Do Masks and Social Distancing Work? Not According to the CDC.

In its latest bulletin, the CDC claimed that SARS-CoV-2 is transmitted by aerosol. The CDC updated its coronavirus website on Friday, saying COVID-19 can commonly spread, “through respiratory droplets or small particles, such as those in aerosols, produced when an infected person coughs, sneezes, sings, talks, or breathes.” (Well, for sure we can’t stop breathing if that’ll be the next CDC recommendation.)

This admission in effect destroys the argument that people should wear masks or even socially distance. It’s documented that masks are unable to filter small particles. For example, even in the case of a properly fitted N95 mask, tiny particle smaller than 0.3 µm can still permeate the mask and cloth masks are far more permeable. As this article explains, airborne particles can travel long distances and reach those not in the immediate vicinity of the aerosol release.

There is growing evidence that droplets and airborne particles can remain suspended in the air as they travel distances far beyond six feet. Choir practice, indoor restaurants and fitness classes are all examples of activities where participants standing more than six feel away can still inhale airborne particles. In general, indoor environments without good ventilation increase this risk, according to the CDC’s new guidance. 

But we wouldn’t be called The Politics of Duh if we simply took the CDC’s reporting at face value. So, without further ado, let’s dive in: Because the particles are traveling via aerosol transmission, there really is no good determination for exactly how far they could travel.

This realization would explain why mask-wearing, social distancing and quarantining were extremely ineffective in many countries against the spread of COVID-19. Belgium, for instance, had one of the strictest quarantines and extremely stringent rules regarding the use of masks and yet, the country has the second-highest mortality rate in the world.

In contrast, we have the Swedish model, well-known for minimal use of masks, lax social distancing policies and a general penchant to keep its economy open. At this point, Sweden has reported few new actual cases and almost no new deaths. It should be noted that many of the “new cases” in Sweden (at least 3,700) there were false positives because of a faulty Chinese-supplied COVID-19 test created by BGI Genomics. The faulty test skewed the death counts; if a person died 30 to 60 days after a positive test for COVID-19 was administered, authorities recorded it as a COVID-19 death regardless of the underlying conditions. So, if the test produced a false positive for COVID-19, it follows that the death was also wrongly recorded.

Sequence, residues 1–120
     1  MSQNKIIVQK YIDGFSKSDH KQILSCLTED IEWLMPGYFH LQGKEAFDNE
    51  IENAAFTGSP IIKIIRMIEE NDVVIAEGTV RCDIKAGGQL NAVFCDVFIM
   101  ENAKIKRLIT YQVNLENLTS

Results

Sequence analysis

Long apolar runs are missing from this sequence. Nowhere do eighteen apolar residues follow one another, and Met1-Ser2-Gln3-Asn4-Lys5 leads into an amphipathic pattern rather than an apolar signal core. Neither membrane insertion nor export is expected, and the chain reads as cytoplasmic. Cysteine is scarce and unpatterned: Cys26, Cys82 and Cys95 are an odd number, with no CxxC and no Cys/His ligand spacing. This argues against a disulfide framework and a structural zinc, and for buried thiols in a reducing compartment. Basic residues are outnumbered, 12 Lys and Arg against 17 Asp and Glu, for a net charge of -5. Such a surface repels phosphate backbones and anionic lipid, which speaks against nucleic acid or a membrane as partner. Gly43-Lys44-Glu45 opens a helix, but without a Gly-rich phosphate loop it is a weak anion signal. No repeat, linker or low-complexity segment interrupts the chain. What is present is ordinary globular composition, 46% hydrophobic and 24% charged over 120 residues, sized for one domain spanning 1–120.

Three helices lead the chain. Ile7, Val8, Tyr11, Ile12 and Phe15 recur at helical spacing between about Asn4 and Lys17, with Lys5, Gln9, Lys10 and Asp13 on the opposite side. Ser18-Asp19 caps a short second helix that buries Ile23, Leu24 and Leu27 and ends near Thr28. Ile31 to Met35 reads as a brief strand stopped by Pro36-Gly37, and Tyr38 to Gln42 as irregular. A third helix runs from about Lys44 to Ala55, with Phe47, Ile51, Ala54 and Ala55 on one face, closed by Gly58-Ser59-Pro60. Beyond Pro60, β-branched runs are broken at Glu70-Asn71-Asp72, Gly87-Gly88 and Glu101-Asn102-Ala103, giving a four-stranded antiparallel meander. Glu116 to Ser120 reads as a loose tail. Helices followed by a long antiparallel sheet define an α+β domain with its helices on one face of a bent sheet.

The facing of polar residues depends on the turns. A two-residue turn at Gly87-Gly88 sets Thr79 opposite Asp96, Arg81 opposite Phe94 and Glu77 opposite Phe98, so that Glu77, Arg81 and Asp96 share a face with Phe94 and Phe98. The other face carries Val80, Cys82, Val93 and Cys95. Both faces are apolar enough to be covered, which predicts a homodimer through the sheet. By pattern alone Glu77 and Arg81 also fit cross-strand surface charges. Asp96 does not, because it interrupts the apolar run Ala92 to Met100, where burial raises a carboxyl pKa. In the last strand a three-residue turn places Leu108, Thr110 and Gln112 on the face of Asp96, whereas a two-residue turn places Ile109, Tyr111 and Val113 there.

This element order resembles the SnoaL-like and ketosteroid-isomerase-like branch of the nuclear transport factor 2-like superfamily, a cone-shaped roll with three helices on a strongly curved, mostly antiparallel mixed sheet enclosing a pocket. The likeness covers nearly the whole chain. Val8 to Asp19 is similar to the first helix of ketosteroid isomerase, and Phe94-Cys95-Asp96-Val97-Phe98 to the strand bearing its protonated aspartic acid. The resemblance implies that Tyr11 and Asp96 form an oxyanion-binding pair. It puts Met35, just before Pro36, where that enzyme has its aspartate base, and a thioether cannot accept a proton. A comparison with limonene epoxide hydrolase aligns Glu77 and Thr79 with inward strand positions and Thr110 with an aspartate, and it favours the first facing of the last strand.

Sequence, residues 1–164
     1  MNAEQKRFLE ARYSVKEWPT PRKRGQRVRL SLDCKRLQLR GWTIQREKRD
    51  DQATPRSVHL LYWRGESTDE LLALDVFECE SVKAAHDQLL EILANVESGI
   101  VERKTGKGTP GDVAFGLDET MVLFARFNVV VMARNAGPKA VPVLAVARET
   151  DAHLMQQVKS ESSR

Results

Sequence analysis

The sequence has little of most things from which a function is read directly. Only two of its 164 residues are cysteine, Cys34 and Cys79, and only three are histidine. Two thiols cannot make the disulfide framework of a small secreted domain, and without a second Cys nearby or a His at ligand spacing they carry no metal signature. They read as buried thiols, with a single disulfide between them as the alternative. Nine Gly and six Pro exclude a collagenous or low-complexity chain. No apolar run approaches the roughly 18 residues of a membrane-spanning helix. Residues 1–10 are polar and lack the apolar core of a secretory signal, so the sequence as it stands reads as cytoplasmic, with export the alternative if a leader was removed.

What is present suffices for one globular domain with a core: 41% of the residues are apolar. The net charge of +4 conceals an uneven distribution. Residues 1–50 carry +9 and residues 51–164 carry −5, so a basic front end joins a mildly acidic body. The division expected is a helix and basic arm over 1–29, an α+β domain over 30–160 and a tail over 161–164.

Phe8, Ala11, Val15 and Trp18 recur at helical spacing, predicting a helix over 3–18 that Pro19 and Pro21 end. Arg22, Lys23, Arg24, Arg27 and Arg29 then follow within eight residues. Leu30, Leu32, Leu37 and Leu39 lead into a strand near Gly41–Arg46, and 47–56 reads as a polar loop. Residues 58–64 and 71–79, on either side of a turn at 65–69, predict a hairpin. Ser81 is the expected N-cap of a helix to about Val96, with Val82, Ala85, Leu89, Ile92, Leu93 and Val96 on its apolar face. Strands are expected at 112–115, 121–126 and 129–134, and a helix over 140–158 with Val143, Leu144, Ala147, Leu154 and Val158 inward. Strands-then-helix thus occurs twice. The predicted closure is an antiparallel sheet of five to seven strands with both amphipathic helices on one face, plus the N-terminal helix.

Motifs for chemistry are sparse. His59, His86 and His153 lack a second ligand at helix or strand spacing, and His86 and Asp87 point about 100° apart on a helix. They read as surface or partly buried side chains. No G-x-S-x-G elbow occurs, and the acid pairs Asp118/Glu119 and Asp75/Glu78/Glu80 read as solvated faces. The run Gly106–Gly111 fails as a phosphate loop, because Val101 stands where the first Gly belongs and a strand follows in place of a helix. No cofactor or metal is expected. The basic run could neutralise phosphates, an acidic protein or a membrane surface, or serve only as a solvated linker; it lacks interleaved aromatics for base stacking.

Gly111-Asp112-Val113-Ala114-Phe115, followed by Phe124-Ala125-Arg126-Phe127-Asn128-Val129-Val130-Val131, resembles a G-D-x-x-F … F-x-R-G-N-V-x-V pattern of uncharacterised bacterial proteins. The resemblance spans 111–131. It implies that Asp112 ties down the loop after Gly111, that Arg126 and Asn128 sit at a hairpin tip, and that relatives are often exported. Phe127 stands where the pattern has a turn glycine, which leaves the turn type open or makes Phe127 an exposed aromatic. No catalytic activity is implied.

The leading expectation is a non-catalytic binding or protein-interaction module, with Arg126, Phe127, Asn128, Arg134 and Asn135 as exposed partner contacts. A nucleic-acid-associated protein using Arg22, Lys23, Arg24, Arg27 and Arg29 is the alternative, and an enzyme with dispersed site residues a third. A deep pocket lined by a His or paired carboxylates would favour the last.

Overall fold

And let’s pause for a minute and examine the worthiness of BGI Genomics. This company has produced 35 million test kits approved for sale in more than 50 countries, including the USA. Given its widespread distribution and Sweden contesting the test’s validity, can we really consider the death counts in all countries to be accurate?

Put together, it looks like we’ve got ourselves a pretty toxic brew muddying the already-muddled COVID-19 waters. The admission by the CDC that the virus is airborne basically renders masks futile because it means they’ll have minimal impact on transmission, as will six-foot social distancing rules. Add in the fact that BGI has supplied 35 million test kits and you really throw the COVID-19 story for a loop.

Today, (and not surprisingly) the CDC announced the organization will be modifying its statements about aerosol transmission because they were allegedly published in error. This reminds me of the recent admission by the CDC that only 6% of the deaths in the United States were actually due to COVID-19 alone. The new statement about aerosol transmission is equally damaging to the credibility of the CDC. If it’s true, it would be utterly damaging to the CDC’s narrative about social distancing and mask use. Is the CDC so poorly run that statements are not scrutinized or approved by panels of professionals within the organization before release? It all sounds very suspicious and either CDC employees are completely and consistently incompetent or someone released damaging information. Now the CDC is attempting to put the genie back in the bottle. But truth, as we know, cannot be contained, and it’s only a matter of time before it becomes unmasked.

Stats Show Spike in Deaths and Cases Come from Brazil and Mexico

It has now become apparent the spike in cases and certainly in deaths in the border states of Arizona, California and Texas closely parallel the rise in cases in Mexico. In addition, spikes in cases and deaths in Florida closely mimic the curves displayed for Brazil.

The Brazilian population in Florida counts more than 300,000, one of the largest Brazilian communities in the United States. And if you think the travel ban prevents Brazilians from entering the U.S., this document details the many exceptions to the rule.

Daily cases in Brazil via Worldometers.info